Renewables funding outperforms carbon capture in climate mitigation
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Producing energy using renewable resources offers a better hope for tackling climate change than applying carbon capture technologies to fossil fuel plants, according to new research.
Carbon capture technologies can be used to sequester emissions from coal and gas-fired power stations, and store them underground. Various forms of the technology have been proposed in recent months including a CO2 absorbing powder and adapting scuba diving technology for use in fossil fuel plants.
However, new research has shown that resources would be better invested in creating more solar panels and wind turbines, and focusing on developing energy storage options to support them.
An international team of researchers from Lancaster University, Khalifa University, Clemson University, UiT The Arctic University, and the University of Florence have calculated the energy output after taking into account the energy needed to create and operate the different systems.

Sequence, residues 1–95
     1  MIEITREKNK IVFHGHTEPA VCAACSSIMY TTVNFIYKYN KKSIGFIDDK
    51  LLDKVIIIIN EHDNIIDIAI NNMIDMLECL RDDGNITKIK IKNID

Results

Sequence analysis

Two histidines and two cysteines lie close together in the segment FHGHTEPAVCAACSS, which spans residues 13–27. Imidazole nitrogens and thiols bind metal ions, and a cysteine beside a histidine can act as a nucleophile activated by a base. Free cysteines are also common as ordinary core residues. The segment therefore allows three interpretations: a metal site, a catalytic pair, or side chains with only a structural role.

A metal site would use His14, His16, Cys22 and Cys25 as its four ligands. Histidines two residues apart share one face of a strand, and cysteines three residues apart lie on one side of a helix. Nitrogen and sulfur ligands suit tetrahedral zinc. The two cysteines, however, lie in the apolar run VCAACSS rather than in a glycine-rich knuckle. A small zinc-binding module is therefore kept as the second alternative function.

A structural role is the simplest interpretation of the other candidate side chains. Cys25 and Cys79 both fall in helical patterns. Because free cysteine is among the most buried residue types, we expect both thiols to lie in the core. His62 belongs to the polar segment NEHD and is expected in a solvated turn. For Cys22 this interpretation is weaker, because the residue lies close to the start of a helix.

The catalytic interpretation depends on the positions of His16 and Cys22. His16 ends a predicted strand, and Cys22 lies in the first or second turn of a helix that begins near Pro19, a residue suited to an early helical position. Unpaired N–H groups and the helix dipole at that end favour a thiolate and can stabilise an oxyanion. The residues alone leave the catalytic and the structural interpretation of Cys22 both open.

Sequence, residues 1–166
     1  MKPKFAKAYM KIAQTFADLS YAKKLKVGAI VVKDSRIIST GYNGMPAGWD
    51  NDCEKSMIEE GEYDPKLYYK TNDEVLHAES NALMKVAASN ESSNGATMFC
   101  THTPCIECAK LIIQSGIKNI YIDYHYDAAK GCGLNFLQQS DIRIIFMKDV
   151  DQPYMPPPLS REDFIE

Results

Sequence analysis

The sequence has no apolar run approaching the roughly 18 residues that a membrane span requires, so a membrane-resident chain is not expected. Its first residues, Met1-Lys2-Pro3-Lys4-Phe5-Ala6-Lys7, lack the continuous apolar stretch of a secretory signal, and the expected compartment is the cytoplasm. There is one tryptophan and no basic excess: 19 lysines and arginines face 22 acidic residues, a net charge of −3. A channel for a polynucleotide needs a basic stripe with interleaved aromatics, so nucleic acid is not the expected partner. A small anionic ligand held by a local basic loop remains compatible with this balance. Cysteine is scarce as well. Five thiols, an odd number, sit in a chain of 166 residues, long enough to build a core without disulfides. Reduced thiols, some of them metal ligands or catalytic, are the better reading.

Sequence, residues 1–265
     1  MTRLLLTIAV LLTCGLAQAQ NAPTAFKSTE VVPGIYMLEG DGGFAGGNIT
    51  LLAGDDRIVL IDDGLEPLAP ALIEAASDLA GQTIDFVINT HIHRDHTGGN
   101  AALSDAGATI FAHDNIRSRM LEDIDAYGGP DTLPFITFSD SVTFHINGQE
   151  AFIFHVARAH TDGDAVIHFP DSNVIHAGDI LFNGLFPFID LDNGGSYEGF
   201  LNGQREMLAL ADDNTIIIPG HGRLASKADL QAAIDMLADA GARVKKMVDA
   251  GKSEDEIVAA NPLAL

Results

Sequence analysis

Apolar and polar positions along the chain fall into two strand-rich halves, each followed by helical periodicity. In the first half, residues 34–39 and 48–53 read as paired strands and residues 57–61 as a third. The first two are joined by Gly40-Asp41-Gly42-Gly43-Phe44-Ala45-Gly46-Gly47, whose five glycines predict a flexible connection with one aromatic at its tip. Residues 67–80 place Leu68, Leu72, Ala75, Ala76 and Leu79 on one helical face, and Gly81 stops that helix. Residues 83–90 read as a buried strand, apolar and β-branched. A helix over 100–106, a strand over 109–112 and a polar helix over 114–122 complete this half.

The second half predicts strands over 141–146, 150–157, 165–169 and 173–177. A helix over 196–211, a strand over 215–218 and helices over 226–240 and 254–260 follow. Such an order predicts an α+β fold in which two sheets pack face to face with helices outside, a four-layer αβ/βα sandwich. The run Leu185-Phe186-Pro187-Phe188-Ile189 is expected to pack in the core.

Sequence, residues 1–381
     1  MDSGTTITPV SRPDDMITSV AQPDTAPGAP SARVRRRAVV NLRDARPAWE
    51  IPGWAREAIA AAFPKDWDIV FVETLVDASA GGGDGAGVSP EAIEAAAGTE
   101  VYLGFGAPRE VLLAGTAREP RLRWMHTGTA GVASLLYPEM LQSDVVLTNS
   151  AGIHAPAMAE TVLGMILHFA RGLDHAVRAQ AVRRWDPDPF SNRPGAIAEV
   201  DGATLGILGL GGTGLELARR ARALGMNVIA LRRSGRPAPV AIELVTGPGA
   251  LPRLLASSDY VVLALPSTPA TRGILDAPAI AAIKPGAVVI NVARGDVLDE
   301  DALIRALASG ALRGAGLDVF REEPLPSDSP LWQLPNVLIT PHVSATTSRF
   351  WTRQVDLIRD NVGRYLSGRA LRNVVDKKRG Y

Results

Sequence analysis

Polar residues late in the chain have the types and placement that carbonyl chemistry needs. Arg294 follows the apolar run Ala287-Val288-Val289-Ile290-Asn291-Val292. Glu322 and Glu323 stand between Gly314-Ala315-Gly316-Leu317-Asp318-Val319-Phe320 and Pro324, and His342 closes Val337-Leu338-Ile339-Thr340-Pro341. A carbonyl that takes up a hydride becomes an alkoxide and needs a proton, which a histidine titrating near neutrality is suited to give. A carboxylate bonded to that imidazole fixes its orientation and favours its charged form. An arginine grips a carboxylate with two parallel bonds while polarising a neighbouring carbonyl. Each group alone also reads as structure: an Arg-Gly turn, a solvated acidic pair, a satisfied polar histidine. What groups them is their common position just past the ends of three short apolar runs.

Renewable energy systems such as wind farms and solar panels, combined with storage systems such as batteries or pumped hydro-power were found to be less energy intensive overall when compared to even the best examples of carbon capture.
The researchers said this was partly due to net energy losses from implementing carbon capture - which includes penalties caused by the energy needed to build, and then operate, the carbon capture and storage processes. In addition, the equipment, such as pipes and compressors, needed to capture and store carbon also needs energy to produce - which is known as embodied energy. All this results in a reduced net energy output from power stations with carbon capture.
The energy return on wind turbines and solar panels depends on the amount used to build the panels and turbines themselves, and also on how sunny or windy the area in which they are installed. Even moderately efficient renewable locations were found to provide a better energy return than the majority of carbon capture technologies.
“It is more valuable, energetically, to invest the available energy resources directly into building new renewable energy and storage capacity rather than building new fossil-fuel power stations with carbon capture,” said Dr Denes Csala of Lancaster University, co-author of the study. “The better net energy return of investing in renewable energy makes it more likely to meet emission targets without risking a reduction in energy availability, due to dwindling fossil fuel supplies and a climate-constrained emissions budget.”
“Given its net energy disadvantages, carbon capture and storage should be considered a niche and supplementary contributor to the energy system, rather than be seen as a critical technology option as current climate agreements view it.”